What are boundaries? We all know the word “boundaries”, but what does it mean to actually set a boundary and why is it important? To be honest, the word “boundaries” is not something I thought about much until I set foot into the world of counselling. As a therapist I often work with individuals who are struggling with setting limits. They aren’t sure what it means, they may feel selfish for setting a boundary or they really just don’t know where to begin.
So what are personal boundaries?
Personal boundaries are our guidelines, our limits, that we create to keep us safe and feeling secure. Boundaries can define our physical limits (personal space) or our psychological limits (the right to say no!). Boundaries are invisible, we can’t actually see them but we can certainly notice when our physical and psychological toes have been stepped on. It is where we end and another person begins. Good boundaries help us to grow personally and are key in a healthy loving relationship – romantic and/or friendships. Boundaries are meant to be firm yet flexible, they are constantly changing as people change, and setting them is a continuous growth process.
Sounds simple enough. So why do we let others overstep our boundaries?
• Setting boundaries, and learning to do so, involves placing a relationship at risk. We may be aware that we need to set a limit with a friend, make a request to do something different or state that something bothers us. Taking action can be difficult, but if we set a limit it may mean the other person doesn’t receive it well and thus the relationship itself is at risk of dissolving. So we may end up in a push-pull situation where we are uncomfortable or hurting because our boundary has been overstepped but we are too afraid to do anything about it.
• We may have learned that saying “No!” is rude or disrespectful. It may have been ingrained into us that we are to be polite and nice and setting boundaries is either rude or a selfish thing to do. Ask yourself what you have learned about the word “no” and what beliefs you may attach with that word.
• Some individuals may not believe that they have the right to set limits with others. Their self-worth may be low and if they don’t think too highly of themselves it could be more difficult to ask others to respect them. We all have come across people who let others walk all over them. And even if we can see they deserve to have their limits respected, they might not believe it themselves.
• There are times when there is a power difference in our relationships: for example, our boss, parents, grandparents, teacher, or coach. At times, in these types of relationships, the individual in the lower power position can be caught in a situation where their boundaries are more likely to be violated. And because of this difference in power the more vulnerable individual can have a much harder time setting the boundary. It could risk their job, their involvement on a team or unfair treatment by a teacher.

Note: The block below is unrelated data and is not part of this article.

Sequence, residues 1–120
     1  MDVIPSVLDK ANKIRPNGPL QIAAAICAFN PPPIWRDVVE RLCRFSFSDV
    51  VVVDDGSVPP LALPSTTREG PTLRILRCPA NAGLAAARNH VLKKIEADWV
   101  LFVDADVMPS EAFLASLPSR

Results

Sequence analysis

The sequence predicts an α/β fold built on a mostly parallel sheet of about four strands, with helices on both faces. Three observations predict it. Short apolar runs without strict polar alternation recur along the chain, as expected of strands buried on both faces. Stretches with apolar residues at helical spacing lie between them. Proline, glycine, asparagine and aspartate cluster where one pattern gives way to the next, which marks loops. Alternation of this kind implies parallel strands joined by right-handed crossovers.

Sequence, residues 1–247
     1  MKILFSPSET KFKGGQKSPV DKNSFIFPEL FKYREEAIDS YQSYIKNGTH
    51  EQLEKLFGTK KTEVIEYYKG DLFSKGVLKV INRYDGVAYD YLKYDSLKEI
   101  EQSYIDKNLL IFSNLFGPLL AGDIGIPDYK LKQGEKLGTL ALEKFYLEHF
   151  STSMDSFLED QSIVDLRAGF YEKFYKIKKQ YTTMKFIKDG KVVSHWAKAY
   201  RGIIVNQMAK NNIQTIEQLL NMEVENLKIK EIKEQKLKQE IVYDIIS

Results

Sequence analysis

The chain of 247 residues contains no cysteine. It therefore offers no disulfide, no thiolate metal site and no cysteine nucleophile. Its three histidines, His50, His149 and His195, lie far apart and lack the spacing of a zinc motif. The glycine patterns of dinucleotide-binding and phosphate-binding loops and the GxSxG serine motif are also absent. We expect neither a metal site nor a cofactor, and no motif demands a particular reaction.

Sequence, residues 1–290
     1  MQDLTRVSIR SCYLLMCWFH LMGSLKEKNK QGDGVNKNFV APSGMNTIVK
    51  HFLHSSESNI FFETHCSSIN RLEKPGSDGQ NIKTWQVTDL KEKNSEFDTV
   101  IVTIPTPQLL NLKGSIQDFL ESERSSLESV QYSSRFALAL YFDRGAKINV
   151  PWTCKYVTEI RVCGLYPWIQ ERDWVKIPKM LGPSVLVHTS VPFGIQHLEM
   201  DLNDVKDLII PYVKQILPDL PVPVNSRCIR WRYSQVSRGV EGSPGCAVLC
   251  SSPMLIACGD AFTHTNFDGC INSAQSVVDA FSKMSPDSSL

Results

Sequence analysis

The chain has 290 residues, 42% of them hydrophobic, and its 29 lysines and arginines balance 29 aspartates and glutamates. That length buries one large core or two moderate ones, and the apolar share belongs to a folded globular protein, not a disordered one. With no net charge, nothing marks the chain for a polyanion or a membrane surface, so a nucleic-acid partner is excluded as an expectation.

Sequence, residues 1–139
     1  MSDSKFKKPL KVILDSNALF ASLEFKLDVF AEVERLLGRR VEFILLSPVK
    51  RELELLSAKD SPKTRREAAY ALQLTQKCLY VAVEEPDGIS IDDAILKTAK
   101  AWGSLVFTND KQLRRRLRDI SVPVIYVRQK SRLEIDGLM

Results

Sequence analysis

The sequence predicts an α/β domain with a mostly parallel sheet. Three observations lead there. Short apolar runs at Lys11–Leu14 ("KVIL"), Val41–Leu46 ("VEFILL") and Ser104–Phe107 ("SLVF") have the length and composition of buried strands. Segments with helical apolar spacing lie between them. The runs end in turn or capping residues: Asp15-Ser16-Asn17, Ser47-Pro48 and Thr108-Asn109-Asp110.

What do I gain out of setting boundaries?
There are many reasons why it is worthwhile for a person to learn to set boundaries. We learn they are to take care of ourselves, of our needs, and they are not to control another person. That is not the intention of boundary setting. We learn that we cannot simultaneously take care of another’s feelings and our own at the same time. This is not to say that during the process we are disrespectful or disregarding of another’s feelings, but rather that we are responsible for our feelings and other people are responsible for their own. We can be respectful of others feelings and still take care of our own. We learn to recognize the signs that let us know a boundary is needed. For example, if we are feeling frustrated, angry or complaining, this is a clue that lets us know that a boundary may need to be set. Be curious and ask yourself if how you are feeling is related to someone overstepping your limit. If so, then you know it’s time to take action. We also learn that people often respect our requests for boundaries and this can lead to a healthier relationship where self-respect and respect from others remains intact. A fun part to setting boundaries is we learn what we like and dislike.
How do I get started? What is helpful to know?
Whether setting boundaries is new for you, or you are refreshing your knowledge in this area, here are a few simple guidelines to help keep you on track.
• When we become aware that a boundary needs to be set make it clear what it is you are setting, do it briefly (it doesn’t need to be long and drawn out) and do so without anger. Most people probably don’t realize they are overstepping and once they are aware (and respected in the process) they may be quite happy to respect your request.
• Remember – people may test your limits, especially if they are used to trespassing on your limits. It’s therefore important before you set the boundary to make sure you really want to enforce this limit. It will help to give you the energy to stand up for yourself and your boundary.
• Follow through – actions and words must match. Don’t confuse things for others, keep it clear. If you are asking for a boundary to be respected then your behaviour must match accordingly.
As you venture into this area of setting boundaries keep in mind that support is helpful. With feedback available from a support person you can learn what are reasonable and normal limits to set. Learn to listen to your own inner guide which lets you know what feels right, what hurts, what is healthy and what is not. Setting boundaries is a constantly evolving process, thus it needs to remain open and flexible and cannot be rigidly fixed.
Adapted from: Beyond Codependency by Melody Beattie, Harper/Hazelden, 1989
Repeat After Me by Claudia Black, Mac Publishing, 1987